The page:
Under normal circumstances, snack sales make up a huge part of movie theaters’ revenues, which is why — even more than any “politics” — it’s important for theaters to allow people not to cover their faces at all times. Simply put, you can’t eat popcorn through a mask.

AMC’s new announcement doesn’t specifically address whether you can take off a mask to eat some Starburst, although its language (noting that people must wear masks “as they enter and enjoy”) does leave a little potential wiggle room. That could result in rules similar to the basic ones announced on Twitter today by the Alamo Drafthouse, who said that when they reopen they will “require that guests wear masks at the theater (except when eating/drinking)” — which, at the Alamo is a large portion of the time. If you guests can take off their masks at any point to eat something, I’m not really sure what kind of a “requirement” they actually are.

I feel for movie theaters struggling to find a way to reopen that is safe and financially sustainable. It can’t be easy. But I also know that personally, I’m not going to be going to any theater where masks are optional (or “required,” but not all the time if you want to chow some Sno-Caps) any time soon. If I was in charge of a theater, I’d look to see if there was a way to supplant concession income somehow – maybe even selling cool movie-inspired masks to wear inside the theater. The goal has to be to make it safer for everyone who wants to attend.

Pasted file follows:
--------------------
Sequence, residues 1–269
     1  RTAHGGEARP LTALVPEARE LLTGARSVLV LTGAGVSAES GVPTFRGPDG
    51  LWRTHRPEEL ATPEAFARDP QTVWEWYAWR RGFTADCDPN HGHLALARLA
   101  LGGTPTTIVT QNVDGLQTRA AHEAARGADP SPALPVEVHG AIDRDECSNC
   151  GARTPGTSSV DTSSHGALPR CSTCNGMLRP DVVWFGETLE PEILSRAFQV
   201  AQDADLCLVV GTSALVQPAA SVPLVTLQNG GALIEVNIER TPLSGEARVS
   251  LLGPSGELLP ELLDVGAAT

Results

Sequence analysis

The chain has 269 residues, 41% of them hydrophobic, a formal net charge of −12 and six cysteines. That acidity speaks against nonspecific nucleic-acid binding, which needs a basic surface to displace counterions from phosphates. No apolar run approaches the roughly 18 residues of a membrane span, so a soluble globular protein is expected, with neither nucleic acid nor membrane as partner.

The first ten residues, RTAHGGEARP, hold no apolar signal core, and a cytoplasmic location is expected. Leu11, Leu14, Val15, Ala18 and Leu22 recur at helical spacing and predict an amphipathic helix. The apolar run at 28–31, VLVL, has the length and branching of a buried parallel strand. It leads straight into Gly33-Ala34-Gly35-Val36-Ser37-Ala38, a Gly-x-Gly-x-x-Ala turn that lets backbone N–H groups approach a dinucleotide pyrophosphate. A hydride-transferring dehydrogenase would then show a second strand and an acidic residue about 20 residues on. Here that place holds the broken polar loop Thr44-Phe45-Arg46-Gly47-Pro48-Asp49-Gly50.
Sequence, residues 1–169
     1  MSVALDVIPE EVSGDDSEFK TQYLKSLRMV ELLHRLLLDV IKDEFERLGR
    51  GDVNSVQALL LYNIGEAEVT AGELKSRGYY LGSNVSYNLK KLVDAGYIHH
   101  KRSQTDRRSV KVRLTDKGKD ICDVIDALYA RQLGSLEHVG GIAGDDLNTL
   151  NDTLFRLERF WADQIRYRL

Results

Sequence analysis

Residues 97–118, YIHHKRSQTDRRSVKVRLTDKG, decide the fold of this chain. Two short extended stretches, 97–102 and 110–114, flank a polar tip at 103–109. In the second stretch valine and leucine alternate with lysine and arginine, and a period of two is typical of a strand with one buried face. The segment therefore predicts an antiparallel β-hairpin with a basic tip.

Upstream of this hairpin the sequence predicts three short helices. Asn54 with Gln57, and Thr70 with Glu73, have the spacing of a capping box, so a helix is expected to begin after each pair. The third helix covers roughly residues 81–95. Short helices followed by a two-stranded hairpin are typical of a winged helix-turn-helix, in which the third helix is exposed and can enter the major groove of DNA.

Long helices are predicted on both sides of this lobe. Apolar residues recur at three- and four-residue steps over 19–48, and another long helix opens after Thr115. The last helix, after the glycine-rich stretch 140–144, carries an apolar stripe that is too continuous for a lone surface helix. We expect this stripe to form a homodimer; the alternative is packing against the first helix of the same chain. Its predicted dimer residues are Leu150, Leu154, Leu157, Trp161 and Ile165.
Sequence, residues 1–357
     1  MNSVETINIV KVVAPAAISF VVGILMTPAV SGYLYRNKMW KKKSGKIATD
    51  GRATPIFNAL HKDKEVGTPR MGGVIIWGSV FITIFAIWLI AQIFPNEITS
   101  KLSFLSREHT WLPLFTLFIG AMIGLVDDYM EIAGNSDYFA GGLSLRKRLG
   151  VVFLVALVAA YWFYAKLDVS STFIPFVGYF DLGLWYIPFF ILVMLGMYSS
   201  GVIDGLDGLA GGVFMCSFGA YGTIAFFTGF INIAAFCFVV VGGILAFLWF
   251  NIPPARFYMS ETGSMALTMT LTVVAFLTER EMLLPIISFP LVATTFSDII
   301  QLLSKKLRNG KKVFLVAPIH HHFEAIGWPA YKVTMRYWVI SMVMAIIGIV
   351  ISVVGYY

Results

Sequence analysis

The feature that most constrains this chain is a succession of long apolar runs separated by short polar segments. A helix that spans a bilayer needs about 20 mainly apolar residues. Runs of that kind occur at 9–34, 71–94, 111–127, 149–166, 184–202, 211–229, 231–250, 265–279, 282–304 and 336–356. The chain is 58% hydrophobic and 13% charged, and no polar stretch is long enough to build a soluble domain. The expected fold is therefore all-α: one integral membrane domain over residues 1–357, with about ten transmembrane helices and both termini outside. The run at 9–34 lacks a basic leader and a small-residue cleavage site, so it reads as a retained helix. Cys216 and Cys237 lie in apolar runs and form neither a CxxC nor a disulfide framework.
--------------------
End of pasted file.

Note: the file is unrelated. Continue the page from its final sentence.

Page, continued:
UPDATE: Regal Cinemas has now changed its website’s coronavirus policy to state that “[like employees], guests will also be required to wear masks. Disposable masks will be made available as needed.” Regal had previously announced masks would be recommended but not required for guests.

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AMC Theaters Will Not Require Guests to Wear Masks

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We continue to approach that mid-July target when Hollywood studios want to begin releasing blockbusters again, which also means that’s the target for most of the big theater chains to reopen as well. Today, AMC Theatres, the country’s largest owner of multiplexes, told Variety it plans to have “450” of its 600 national theaters open on July 15, and “expects to be almost fully operational” by the time Mulan is scheduled for release on July 24.